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Fastener Information Sources

What about Safety Wire? by MintJulep
Posted: 6 Jun 09

Many people see safety wire used on airplanes, and thus think that it must be the best way to prevent fasteners from loosening.  Not so.  Here is what a bunch of literature says:


Quote:

Fastener Design Manual; NASA Reference Publication 1228
    Although lockwiring is a laborious method of preventing bolt or nut rotation, it is still used in critical applications, particularly in the aerospace field.

Quote:

Acceptable Methods, Techniques and Practices – Aircraft Inspection and Repair; FAA Advisory Circular AC43.13-1B
    These practicesare not a means of obtaining or maintaining
torque, rather a safety device to prevent the
disengagement of screws, nuts, bolts, snap
rings, oil caps, drain cocks, valves, and parts.


Quote:

Bickford, John H., 1981 An Introduction to the design and behavior of bolted joints
    Can effectively prevent total loss of the nut – but are not very effective in preventing substantial loss of preload

Quote:

The U.S. Navy's Naval Ships' Technical Manual; S9086-CJ-STM-010/CH-075R2
    The primary purpose of safety wiring is to prevent complete loss of a fastener. It's not particularly effective in preventing minor relative nut and bolt rotation and subsequent loss of preload.
It's effective in preventing complete loss of the fastener. It is, however, an ineffective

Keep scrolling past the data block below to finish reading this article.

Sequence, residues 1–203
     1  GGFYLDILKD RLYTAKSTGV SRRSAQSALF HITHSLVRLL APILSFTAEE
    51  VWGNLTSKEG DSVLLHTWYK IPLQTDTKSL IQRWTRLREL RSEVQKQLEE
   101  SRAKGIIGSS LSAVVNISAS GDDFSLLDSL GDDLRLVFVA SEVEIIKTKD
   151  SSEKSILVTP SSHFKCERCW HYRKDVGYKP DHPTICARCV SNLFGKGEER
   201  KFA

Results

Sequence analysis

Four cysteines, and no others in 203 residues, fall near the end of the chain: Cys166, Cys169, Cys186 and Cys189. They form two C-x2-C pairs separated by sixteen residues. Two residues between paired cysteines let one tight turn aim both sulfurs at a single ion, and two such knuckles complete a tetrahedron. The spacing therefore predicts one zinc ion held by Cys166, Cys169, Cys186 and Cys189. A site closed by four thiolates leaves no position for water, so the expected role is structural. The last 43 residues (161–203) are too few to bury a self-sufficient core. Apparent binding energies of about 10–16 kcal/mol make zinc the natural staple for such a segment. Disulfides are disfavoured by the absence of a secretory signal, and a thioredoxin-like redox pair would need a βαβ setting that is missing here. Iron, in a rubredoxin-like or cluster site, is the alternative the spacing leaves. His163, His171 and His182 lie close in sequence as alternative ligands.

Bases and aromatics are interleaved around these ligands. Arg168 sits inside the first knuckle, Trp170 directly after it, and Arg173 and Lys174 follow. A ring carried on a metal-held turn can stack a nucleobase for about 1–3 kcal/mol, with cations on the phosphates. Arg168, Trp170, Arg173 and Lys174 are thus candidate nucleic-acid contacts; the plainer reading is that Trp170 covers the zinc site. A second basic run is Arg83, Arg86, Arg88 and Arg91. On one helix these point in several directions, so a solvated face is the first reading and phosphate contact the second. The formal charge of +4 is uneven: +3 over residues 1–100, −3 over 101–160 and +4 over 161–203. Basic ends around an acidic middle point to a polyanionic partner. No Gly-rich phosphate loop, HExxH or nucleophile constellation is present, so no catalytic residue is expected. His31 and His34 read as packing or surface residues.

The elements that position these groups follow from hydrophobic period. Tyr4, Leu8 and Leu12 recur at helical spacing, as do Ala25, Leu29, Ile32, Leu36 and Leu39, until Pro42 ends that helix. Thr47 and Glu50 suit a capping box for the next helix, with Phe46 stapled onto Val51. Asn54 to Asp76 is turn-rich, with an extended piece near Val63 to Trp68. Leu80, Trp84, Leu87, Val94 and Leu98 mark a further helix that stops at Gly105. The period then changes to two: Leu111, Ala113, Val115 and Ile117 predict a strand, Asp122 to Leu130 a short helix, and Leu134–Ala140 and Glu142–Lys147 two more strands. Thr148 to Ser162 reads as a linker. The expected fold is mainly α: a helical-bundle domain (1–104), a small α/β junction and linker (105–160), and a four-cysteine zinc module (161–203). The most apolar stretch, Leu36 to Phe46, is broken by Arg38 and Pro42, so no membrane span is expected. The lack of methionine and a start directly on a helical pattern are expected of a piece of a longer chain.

method for preventing loss of preload; some rotation can still occur, even with the best of tying techniques.

Safety wire may be used to replace previous existing safety wire. If loose or broken wires or
loose fasteners are found at disassembly, however, self-locking fasteners may be installed at reassembly

Quote:

Verein Deutscher Ingenieure, Systematic Calculation of High Duty Bolted Joints.  Joints with One Cylindrical Bolt  VDI 2230, Part 1
Listed  3rd of 4 "Positive locking" methods in table A14.

Quote:

SAE AS567J
    Safety cable or wire is not a means of obtaining or maintaining torque, but a safety device used to prevent disengagement of the part.

Quote:

NASM1515 Fastener Systems for Aerospace Applications
(Formerly MIL-STD-1515)
    Self-locking fasteners are preferred over auxiliary devices (such as cotter pins, safety wire, tab washers, etc.)

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